No surprises - the front styling of the new Mazda6 reflects that of the Takeri concept car on which it is based.
The teaser image shows the same "shield" grille from the concept along with swept-back headlights and flared wheel arches. The sharp window line of the Takeri study is apparent in earlier teaser pictures and video.
Mazda unveiled the Takeri concept at the Tokyo motor show last year. Now it has released the first official photos of the Mazda6 front and rear.
A chrome strip - a defining element of the company's Kodo design language that appeared first on the CX-5 - defines the lower edge of the grille and runs on into the headlights.
As indicated in a 21-second teaser video, the Mazda6 grille is slightly slimmer than on the Takeri.
Mazda will launch the car at the Moscow motor show next month. Russia is Mazda's biggest market in Europe and the show car will be a Russian-specification model powered by a direct-injection SkyActiv 2-litre petrol engine.
The third-generation mid-size sedan will also will be one of the stars of the Paris show at the end of September before it lands here early next year.
It will be built as a sedan and station wagon; the hatchback variant has been dropped.
Mazda New Zealand managing director Andrew Clearwater says there is a lot of excitement in New Zealand around the new car.
"The Mazda6 has been a standout performer for us in New Zealand since its launch in 2002 and we expect this new model to prove just as popular," he said.
Mechanically, the Mazda6 will follow the lead of the CX-5 and make full use of Mazda's fuel-saving SkyActiv technologies, including lightweight construction, efficient petrol and diesel engines with a start-stop system, and a specially designed six-speed automatic transmission.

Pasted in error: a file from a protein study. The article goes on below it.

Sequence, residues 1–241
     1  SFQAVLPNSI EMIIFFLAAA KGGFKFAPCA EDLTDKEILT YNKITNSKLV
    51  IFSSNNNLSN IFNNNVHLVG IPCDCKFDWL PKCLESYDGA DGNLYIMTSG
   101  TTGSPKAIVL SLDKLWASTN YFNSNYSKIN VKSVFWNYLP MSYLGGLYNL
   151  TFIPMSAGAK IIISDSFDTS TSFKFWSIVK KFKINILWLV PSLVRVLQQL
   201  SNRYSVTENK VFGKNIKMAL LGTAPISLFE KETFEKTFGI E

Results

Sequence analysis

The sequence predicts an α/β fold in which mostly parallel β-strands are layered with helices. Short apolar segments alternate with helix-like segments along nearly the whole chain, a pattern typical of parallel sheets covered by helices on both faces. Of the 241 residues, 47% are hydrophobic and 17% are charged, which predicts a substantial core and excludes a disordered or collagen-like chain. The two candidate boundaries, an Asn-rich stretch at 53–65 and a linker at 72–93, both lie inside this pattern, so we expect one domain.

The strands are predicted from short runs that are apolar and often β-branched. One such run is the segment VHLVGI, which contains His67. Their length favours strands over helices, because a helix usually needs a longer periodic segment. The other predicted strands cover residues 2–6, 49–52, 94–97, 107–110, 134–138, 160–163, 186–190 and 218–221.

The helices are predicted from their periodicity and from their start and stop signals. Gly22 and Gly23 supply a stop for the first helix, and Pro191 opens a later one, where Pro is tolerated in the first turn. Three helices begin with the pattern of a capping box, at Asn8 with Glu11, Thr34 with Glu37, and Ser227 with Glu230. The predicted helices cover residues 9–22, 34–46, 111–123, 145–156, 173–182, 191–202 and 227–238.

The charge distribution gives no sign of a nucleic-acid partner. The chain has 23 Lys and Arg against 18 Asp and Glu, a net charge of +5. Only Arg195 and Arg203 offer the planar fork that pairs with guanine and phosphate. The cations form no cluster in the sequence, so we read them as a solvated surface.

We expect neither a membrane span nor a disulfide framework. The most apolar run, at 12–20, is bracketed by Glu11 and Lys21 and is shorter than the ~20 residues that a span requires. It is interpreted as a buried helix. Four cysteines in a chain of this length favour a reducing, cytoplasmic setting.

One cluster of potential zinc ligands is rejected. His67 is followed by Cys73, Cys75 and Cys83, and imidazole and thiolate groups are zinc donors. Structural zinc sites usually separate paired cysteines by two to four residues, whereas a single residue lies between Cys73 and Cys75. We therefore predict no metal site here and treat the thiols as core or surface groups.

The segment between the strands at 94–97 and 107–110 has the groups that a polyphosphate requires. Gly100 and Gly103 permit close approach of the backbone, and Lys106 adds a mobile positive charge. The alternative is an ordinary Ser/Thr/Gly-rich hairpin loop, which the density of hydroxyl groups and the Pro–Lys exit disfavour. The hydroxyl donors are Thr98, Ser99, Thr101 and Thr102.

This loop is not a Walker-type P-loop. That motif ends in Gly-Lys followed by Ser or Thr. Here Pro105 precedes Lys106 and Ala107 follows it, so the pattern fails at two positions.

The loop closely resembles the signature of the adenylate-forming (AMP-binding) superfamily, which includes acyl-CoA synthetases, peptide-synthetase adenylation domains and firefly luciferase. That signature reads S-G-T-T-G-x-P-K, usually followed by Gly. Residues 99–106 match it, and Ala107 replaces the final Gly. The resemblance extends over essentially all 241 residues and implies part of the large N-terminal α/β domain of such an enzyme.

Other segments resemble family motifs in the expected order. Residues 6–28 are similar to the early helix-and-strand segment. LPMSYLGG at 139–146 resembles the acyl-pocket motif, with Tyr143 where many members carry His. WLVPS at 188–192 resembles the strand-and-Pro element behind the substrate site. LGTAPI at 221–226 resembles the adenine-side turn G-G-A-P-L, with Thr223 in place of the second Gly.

It will also introduce the company's new brake energy regeneration system, called i-ELOOP, which Mazda says marks stage two of its "Building Block Strategy for environmental technology development".
The carmaker wants to exhaust traditional automotive technologies before introducing electric devices to further improve fuel economy.
The most economic global drivetrain will be a 2.2-litre low-compression turbo-diesel engine, mated to a six-speed automatic gearbox to deliver claimed fuel consumption of 4.2 litres/100km, or 67mpg. Engineers have said to expect CO2 emissions as low as 109gr/km for the 2.2-litre diesel.
Mazda will limit Mazda6 sedan and wagon powertrains to four-cylinder petrol and diesel units with direct-injection Skyactiv technology. It has removed six-cylinder engines from its portfolio and will launch a new wave of four-cylinder Skyactiv powertrains with different stages of tune.
The engines will be turbocharged in some cases and mated to more efficient transmissions to power Mazda models that will be lighter.
The newcomer will become the second model - after the CX-5 - to make use of SkyActiv technology, which includes everything from the chassis to the engine and gearbox, and is likely to ride on a wheelbase 50mm longer than the present car.
The carmaker says: "New Mazda6 will stand as the flagship model for a new generation of Mazda products.
"It features a sense of dignity, style, luxury feel and comfort expected from a vehicle in the CD segment, while offering the pleasure of responsive and agile driving, which is at the core of the Mazda brand."
The cars will be built in Hofu, Japan.